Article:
Iceland has joined other Nordic countries in launching an investigation into a controversial U.S. Embassy surveillance program.
Iceland's Ministry of Justice and Human Rights will try to determine whether the U.S. embassy's program of monitoring some citizens violates the civil rights of residents living near the embassy, which sits in a residential area in Reykjavik's old city center.
The inquiry was spurred by media reports in Norway and Sweden that linked U.S. embassies there to possible espionage against citizens of those countries, including allegedly taking pictures of street demonstrations and of people deemed security risks, sparking a wave of anti-American sentiments that has spread throughout the region.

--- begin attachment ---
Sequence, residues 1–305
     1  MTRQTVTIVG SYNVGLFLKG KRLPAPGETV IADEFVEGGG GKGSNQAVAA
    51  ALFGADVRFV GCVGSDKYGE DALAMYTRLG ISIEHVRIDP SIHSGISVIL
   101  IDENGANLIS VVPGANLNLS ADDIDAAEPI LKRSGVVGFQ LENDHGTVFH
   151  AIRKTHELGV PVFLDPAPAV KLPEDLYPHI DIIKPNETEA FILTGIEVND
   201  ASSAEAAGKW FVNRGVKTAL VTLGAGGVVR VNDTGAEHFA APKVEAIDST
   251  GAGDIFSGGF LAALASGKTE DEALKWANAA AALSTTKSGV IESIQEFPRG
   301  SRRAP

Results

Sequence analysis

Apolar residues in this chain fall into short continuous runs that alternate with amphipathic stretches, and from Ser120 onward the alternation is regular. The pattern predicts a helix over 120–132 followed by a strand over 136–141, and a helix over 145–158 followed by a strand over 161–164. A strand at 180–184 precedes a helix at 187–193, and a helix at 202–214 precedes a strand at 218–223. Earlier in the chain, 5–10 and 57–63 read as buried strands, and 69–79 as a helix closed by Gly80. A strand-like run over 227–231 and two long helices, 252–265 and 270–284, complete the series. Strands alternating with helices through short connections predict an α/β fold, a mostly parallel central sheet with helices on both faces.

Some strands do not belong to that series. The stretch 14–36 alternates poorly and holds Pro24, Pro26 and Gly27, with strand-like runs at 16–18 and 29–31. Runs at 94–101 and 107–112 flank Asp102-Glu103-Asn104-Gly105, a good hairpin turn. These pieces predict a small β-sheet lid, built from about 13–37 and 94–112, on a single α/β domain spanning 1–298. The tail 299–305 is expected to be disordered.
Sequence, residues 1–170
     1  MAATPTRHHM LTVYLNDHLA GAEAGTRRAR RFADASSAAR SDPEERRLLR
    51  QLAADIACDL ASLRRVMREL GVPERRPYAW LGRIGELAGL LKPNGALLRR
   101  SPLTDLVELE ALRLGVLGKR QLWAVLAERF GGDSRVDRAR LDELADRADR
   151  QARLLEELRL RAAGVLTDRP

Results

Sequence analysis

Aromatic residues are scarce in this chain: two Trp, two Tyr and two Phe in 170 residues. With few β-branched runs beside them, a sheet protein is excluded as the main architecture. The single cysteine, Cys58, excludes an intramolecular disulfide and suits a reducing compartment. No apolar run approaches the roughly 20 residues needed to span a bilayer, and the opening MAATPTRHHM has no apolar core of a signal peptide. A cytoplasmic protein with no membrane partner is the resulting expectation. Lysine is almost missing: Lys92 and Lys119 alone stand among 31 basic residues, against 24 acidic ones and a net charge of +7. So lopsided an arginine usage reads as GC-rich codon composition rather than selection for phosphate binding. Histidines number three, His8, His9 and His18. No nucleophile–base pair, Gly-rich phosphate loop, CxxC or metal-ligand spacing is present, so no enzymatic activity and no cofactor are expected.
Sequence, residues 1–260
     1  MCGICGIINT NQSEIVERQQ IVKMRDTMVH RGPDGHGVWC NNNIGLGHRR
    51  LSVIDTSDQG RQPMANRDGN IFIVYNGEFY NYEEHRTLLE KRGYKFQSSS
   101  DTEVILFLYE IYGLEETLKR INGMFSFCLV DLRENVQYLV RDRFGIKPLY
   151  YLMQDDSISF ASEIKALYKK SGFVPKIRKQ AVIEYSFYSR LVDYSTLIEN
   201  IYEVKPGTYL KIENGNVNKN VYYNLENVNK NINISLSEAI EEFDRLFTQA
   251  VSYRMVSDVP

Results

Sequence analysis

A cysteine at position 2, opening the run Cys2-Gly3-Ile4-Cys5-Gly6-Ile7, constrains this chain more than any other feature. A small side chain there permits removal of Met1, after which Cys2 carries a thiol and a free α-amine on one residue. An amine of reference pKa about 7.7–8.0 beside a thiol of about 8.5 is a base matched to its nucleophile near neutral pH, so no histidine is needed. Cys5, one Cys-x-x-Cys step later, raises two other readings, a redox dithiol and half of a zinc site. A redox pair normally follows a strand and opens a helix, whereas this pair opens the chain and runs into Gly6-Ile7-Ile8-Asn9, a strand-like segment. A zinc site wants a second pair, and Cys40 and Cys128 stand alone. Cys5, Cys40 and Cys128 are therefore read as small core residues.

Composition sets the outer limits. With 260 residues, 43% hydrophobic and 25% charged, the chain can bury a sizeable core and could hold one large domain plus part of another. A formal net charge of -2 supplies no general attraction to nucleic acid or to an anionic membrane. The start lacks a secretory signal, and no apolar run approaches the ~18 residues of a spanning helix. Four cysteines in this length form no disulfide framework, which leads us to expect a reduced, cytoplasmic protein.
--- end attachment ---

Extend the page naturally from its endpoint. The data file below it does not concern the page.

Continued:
Halla Gunnarsdottir, assistant to Iceland's Minister of Justice and Human Rights, said the police commissioner will now "investigate whether the U.S. Embassy in Reykjavik had been involved in comparable activities."
Reports of alleged abuses are swirling throughout Iceland. A former security guard who would not release his name told Icelandic media website Visir on Thursday that the U.S. Embassy's surveillance activities went far beyond the embassy neighborhood, contradicting U.S. Ambassador Luis Arreaga's assertion that it was limited to the immediate area.